Statewide, there are 37% fewer primary care physicians per capita in rural areas of Oregon compared to urban areas, the Oregon Office of Rural Health reports. It defines “rural” as 10 or more miles from the center of a city of 40,000 or more. For every 10,000 people in the state, for example, there are 9.2 primary care physicians in a city and 5.8 in a rural area. The office classifies family practitioners, general practitioners, internists, obstetricians/gynecologists, and pediatricians as primary care physicians.
Nationwide, enrollment in Medicaid managed care programs has grown, partly as a result of the Affordable Care Act, as states choose to expand Medicaid eligibility. However, simply being enrolled in the program does not guarantee timely access to healthcare.
Slightly more than half of Medicaid managed care providers across the country cannot offer an appointment to enrollees, either because they cannot be found at the location listed by the plan, are not participating in the plan, or are not accepting new patients, the Department of Health and Human Services reported last month.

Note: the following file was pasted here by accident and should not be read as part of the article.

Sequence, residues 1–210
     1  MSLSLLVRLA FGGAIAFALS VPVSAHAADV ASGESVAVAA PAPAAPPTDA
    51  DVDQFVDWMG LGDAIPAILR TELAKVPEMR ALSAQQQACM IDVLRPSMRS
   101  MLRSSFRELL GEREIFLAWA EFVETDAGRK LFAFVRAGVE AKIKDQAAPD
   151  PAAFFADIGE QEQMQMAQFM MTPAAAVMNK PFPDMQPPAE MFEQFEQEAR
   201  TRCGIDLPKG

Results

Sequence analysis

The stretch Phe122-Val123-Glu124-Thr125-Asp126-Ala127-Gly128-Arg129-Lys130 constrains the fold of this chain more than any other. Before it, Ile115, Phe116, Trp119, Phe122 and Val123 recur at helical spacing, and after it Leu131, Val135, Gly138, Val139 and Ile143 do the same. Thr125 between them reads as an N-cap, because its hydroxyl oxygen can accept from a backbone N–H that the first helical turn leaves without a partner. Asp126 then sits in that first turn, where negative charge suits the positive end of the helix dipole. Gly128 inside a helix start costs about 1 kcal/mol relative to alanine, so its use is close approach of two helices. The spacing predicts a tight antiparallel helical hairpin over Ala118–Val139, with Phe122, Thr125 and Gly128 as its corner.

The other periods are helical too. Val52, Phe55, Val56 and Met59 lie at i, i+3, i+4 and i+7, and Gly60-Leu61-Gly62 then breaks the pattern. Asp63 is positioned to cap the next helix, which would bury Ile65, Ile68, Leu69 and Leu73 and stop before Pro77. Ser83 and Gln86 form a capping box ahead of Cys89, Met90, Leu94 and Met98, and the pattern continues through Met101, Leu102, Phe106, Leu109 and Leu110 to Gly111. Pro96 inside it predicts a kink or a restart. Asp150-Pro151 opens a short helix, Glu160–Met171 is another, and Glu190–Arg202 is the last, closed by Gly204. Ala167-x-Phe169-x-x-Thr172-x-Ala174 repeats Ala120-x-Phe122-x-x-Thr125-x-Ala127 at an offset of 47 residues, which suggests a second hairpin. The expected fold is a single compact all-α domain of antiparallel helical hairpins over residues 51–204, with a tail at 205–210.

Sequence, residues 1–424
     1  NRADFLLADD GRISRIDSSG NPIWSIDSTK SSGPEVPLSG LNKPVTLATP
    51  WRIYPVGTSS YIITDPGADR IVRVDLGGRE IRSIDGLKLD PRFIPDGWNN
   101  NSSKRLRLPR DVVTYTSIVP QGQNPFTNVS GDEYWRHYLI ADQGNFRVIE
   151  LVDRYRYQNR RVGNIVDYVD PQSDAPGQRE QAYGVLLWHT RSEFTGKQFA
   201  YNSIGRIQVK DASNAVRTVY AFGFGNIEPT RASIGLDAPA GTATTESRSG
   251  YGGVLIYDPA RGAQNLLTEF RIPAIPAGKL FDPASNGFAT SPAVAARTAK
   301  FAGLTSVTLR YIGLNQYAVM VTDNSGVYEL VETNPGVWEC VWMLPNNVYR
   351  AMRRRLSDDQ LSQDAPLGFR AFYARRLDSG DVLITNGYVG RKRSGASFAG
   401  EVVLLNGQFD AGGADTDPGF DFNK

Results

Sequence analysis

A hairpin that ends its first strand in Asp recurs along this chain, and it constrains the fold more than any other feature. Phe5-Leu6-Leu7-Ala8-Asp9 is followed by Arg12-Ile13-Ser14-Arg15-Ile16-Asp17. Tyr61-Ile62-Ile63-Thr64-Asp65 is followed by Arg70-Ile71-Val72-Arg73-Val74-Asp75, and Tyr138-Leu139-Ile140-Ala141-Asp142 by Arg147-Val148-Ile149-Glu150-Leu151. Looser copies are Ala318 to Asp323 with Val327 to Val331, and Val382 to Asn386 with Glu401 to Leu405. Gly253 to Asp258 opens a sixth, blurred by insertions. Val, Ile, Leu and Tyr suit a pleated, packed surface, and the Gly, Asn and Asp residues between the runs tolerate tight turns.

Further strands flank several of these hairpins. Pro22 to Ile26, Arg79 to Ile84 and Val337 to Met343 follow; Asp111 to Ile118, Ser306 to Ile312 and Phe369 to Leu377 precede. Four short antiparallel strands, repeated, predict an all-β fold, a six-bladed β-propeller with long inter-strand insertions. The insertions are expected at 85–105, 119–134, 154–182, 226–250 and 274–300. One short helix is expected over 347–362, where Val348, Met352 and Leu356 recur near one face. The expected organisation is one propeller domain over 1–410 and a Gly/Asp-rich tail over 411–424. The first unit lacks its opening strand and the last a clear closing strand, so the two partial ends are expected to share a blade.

Long wait times
Among the providers who offered appointments, the median wait time was 2 weeks, and more than 25% of providers had wait times of more than one month. The median wait time for specialists was twice as long as that for primary care providers; more than a third of specialists who offered appointments had wait times longer than one month, the agency found in its report, entitled “Access to Care: Provider Availability in Medicaid Managed Care.”
The report recommended that states monitor providers for shortages of specific provider types, such as obstetricians, and for shortages in specific geographic areas. In addition, the report said “states should monitor their networks for other barriers to care, such as providers who require patients to submit medical records prior to scheduling appointments or providers who do not accept patients with certain medical conditions.”